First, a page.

I’ve been reading plenty lately about the proposed graduate tax, but I’m really struggling to see how it is any different to our current system of fees. It seems, in fact, that a lot of people don’t quite realise how the fees system works, so I thought I’d outline it here, from a current student’s point of view, and then waffle on a bit about why I believe higher education should be free, as opposed to “progressive” or “fair” or whatever else people think a paid system should be.
The Guardian article I’ve linked to above contains this quote:
The government would pay fees directly to the universities instead of lending money to students to cover the cost of their studies. Students would pay the state back when they earned £15,000 or more.
This is EXACTLY what happens now. Loans to students are provided through the Student Loans Company, which pays tuition fees directly to universities. I have a tuition fee loan, but the money NEVER goes into any account of mine – the transaction takes place between the university and the SLC. The money then shows up on my SLC statements as a debt I owe the state, and I’ll start paying this money back once I earn (yep, you guessed it) £15k per annum. And these payments are taken out of my pay packet at the same time as tax and NI, so are effectively the same as a tax.
So the ‘changes’ being proposed are nothing but a rebranding of the existing system of loans and fees, which are apparently dirty words all of a sudden, because people don’t like being in debt or paying fees, but don’t mind paying tax. Or at least, I think that’s how it goes. In a word, it’s spin.
I rather like a quote I heard in an interview with Stewart Lee (watch it here about 3 minutes in), in which he’s asked about how student debt will affect young comedians. His answer is more generally applicable, though. He says:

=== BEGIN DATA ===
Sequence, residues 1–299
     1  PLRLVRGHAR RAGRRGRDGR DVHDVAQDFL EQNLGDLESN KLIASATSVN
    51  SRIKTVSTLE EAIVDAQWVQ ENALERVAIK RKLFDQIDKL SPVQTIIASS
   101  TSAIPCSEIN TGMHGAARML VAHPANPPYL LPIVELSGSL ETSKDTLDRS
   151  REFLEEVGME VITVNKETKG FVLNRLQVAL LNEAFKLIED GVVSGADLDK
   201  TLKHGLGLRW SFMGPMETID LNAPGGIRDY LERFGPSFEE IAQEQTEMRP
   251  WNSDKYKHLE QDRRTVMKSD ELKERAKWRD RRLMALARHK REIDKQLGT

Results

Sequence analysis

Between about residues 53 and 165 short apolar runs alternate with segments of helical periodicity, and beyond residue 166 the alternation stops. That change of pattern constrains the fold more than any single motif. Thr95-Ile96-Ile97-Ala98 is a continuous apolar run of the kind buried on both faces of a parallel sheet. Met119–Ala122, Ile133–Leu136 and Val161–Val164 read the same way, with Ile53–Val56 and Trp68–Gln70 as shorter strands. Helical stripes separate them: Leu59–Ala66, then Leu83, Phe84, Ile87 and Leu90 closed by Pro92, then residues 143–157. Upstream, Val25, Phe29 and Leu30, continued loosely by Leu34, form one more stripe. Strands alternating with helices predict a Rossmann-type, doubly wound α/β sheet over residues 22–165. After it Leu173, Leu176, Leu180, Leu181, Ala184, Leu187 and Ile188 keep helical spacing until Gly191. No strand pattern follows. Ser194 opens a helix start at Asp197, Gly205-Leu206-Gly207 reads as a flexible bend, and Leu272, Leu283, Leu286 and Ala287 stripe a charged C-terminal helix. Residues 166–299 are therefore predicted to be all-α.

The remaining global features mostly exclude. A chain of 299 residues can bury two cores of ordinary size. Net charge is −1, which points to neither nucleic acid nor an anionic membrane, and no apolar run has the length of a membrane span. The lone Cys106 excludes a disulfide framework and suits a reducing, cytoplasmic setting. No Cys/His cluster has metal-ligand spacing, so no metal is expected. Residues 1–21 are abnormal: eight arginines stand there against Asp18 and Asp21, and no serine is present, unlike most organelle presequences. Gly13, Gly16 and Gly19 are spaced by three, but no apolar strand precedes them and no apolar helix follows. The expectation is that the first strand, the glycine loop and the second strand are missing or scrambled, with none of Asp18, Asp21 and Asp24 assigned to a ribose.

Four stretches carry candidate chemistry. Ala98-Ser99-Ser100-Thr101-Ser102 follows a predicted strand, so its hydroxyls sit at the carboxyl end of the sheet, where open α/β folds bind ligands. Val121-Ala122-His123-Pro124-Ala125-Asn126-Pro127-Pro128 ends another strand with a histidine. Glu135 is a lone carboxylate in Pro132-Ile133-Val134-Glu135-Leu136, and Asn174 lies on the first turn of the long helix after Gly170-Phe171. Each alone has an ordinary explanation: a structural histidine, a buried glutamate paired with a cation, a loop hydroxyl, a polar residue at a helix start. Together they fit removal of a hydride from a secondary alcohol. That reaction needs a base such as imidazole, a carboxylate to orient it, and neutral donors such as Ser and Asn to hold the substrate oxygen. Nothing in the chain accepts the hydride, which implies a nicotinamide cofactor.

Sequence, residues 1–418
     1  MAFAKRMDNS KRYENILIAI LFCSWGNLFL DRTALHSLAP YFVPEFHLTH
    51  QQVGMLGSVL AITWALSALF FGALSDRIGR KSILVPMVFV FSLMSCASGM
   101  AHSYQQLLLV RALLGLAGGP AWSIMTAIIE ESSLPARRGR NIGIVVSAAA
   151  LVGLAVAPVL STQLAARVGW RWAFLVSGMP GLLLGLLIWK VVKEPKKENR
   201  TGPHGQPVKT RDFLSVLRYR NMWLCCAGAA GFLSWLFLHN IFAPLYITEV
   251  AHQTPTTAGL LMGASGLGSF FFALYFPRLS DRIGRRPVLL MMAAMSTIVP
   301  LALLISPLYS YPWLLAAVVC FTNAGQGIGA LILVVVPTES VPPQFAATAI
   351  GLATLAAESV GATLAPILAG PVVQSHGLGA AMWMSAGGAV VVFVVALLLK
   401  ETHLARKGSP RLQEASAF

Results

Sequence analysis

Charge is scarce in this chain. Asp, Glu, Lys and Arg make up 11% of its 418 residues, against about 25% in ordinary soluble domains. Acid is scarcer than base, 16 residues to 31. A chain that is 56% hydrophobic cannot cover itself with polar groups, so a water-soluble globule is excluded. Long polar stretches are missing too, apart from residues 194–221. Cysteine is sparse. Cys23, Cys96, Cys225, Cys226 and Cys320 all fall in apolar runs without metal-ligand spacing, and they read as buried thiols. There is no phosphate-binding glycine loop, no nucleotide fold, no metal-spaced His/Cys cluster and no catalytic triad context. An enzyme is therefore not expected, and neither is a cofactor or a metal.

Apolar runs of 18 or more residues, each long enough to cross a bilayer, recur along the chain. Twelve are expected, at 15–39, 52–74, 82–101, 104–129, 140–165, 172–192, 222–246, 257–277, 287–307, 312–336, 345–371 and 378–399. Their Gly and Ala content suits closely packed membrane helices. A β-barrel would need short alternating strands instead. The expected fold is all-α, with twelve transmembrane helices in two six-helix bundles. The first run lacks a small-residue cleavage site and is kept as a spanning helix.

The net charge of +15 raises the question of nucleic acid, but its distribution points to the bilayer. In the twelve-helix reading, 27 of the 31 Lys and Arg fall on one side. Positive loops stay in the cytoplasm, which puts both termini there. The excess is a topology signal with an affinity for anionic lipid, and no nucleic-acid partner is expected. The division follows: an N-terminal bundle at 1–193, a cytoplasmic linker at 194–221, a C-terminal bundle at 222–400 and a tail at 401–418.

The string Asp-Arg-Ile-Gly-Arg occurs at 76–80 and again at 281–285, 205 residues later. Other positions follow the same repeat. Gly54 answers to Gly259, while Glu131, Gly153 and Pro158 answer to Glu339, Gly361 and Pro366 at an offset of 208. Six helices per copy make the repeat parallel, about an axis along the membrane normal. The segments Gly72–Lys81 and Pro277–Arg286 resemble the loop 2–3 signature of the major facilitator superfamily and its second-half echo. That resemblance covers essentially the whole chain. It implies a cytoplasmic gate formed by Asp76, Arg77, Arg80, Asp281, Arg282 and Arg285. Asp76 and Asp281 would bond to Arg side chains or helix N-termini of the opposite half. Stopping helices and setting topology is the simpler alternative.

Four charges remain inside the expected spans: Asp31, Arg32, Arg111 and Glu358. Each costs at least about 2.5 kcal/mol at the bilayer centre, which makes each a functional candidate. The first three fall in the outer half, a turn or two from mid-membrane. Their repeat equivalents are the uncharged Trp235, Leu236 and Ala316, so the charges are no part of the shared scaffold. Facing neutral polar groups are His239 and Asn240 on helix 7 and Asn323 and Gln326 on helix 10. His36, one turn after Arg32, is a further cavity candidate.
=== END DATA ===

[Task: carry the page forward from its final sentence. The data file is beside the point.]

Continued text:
The withdrawal of the grant and the implication of student loans necessarily limits people who want vocational careers, and produces a generation of people who feel that the only purpose of education is to earn money… It’s changed the vibe of the campus and it changes the kind of people who want to go to college… I think it was done deliberately to rid us of all these troublesome thinkers and artists, and conscientious people.
He follows it up with a little Thatcher-bashing too, which is always nice, but I think he’s hit the nail pretty squarely on the head. By making people pay for it, they have to attach a financial value to the education they are receiving, and hence are more likely to choose options which represent monetary return in the future.
In my first year of university, one of our seminar tutors asked the room of around 20 people why they were at university, and only 2 of us didn’t say we were there to “get a better job” or to “earn more money”. It’s a sad inditement on the student population, I feel. To be a student is to have the privilege, for a short time, of being an adult with little to no long-term responsibility – you’ve got the rest of your life to worry about mortgages and the school run and diocalm (why I associate that with growing up I don’t know).
Being in university is about becoming a bigger person, if not a better person. It’s about new people, it’s about making lifelong friends, and it’s about being a bit of a rebel at times. It’s a time for being idealistic, impulsive and downright childish, in the best possible way. Not all the time, obviously, but at least now and again.
But for an increasing number of students, that’s not what uni is about at all. It’s a means to an end, and that end is a high-paid job. I feel sorry for those students, because even if in ten years they’ve got the life they always dreamed of, their dreams will never have been wild enough to start with.